# What is $\lim_{x \to \infty}\lim_{n \to \infty} {{e^x} \over {x^n}} = ??$

$$\lim_{x \to \infty}\lim_{n \to \infty} {{e^x} \over {x^n}} = ??$$

Now what I thought was by continuing to apply L'Hopitals Rule, till n times, I will get $$\lim_{x \to \infty}\lim_{n \to \infty} {{e^x} \over {n!}}$$ Now what I think is the numerator is e multiplied infinity times, and the denominator is infinitely large numbers multiplied together many times , so the denominator should dominate and limit $$= 0$$.

But I have also been taught that $$\lim_{x \to \infty}{{e^x} \over {x^n}} = \infty \ \ \forall n \in N$$ . So I'm a bit confused. Can someone help me out ??

Let's limit ourselves to $$x>1$$. Then $$\lim_{n\to\infty}\frac{e^x}{x^n}=0$$. As this is true for each $$x>1$$, we have that $$\lim_{x\to\infty}\lim_{n\to\infty}\frac{e^x}{x^n}=0$$.
Now this is a good example that you have to be very careful about what you can and cannot do with limits. If you try to swap the limits ($$\lim_{n\to\infty}\lim_{x\to\infty}\frac{e^x}{x^n}$$), it doesn't work (the inner limit is $$\infty$$ for every $$n$$).
There is even a notion of double (simultaneous) limit $$\lim_{x\to\infty, n\to\infty}\frac{e^x}{x^n}$$, which does not exist (because, if it did, both the above limits of limits would exist and would coincide).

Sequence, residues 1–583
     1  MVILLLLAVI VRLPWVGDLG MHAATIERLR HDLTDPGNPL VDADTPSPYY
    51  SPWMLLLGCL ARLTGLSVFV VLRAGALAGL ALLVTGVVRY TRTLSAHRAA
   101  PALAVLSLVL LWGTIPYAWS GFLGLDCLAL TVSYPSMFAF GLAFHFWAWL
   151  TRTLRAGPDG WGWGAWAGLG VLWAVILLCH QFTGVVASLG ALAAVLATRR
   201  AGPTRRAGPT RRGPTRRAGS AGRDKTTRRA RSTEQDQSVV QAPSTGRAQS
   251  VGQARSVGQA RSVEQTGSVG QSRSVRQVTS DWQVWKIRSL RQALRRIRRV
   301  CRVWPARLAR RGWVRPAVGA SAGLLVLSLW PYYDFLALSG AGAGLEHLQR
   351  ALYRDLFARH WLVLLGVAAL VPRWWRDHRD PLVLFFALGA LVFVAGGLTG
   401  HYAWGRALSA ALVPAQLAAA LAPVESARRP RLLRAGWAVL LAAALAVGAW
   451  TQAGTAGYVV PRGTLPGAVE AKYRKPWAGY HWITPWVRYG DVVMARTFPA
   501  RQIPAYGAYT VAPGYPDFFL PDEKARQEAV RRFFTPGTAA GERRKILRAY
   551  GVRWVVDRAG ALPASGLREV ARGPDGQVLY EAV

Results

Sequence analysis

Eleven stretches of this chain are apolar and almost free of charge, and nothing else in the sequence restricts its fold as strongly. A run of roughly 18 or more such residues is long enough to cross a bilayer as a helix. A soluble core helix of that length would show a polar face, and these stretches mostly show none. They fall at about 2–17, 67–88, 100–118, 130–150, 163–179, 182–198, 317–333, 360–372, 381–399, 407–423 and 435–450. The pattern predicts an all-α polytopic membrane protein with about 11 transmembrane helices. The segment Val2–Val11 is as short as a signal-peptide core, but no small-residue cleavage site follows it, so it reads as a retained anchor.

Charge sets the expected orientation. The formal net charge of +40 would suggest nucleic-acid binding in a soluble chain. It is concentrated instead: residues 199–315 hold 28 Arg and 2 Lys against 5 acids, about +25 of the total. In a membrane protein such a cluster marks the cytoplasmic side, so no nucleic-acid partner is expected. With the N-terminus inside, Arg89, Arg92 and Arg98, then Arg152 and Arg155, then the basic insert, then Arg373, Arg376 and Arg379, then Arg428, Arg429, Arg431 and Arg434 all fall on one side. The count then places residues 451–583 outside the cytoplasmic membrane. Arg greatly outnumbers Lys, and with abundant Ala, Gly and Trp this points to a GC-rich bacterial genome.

• Oh ok, so the order also matters for limits !! I really didn't know that, thanks. So does that mean ($\lim_{n\to\infty}\lim_{x\to\infty}\frac{e^x}{x^n}$) does not exist or is it equal to $\infty$ ?? – RandomAspirant Sep 10 '19 at 17:52
• @RandomAspirant For infinities we have to introduce conventions how to deal with them. A natural convention here would be to say it is equal to $\infty$, as this is indeed true if the convergence is investigated in a different space (e.g. $\mathbb R\cup\{-\infty,+\infty\}$ - we artifically add two more elements $-\infty$ and $+\infty$ to the set of real numbers). However, it is possible that your book/course presents a different convention, so unfortunately I won't be able to give you a definitive answer here. – Stinking Bishop Sep 10 '19 at 18:11
Hint: $$x$$ is a constant in $$\lim_{n \to \infty} {{e^x} \over {x^n}}$$, which you evaluate first.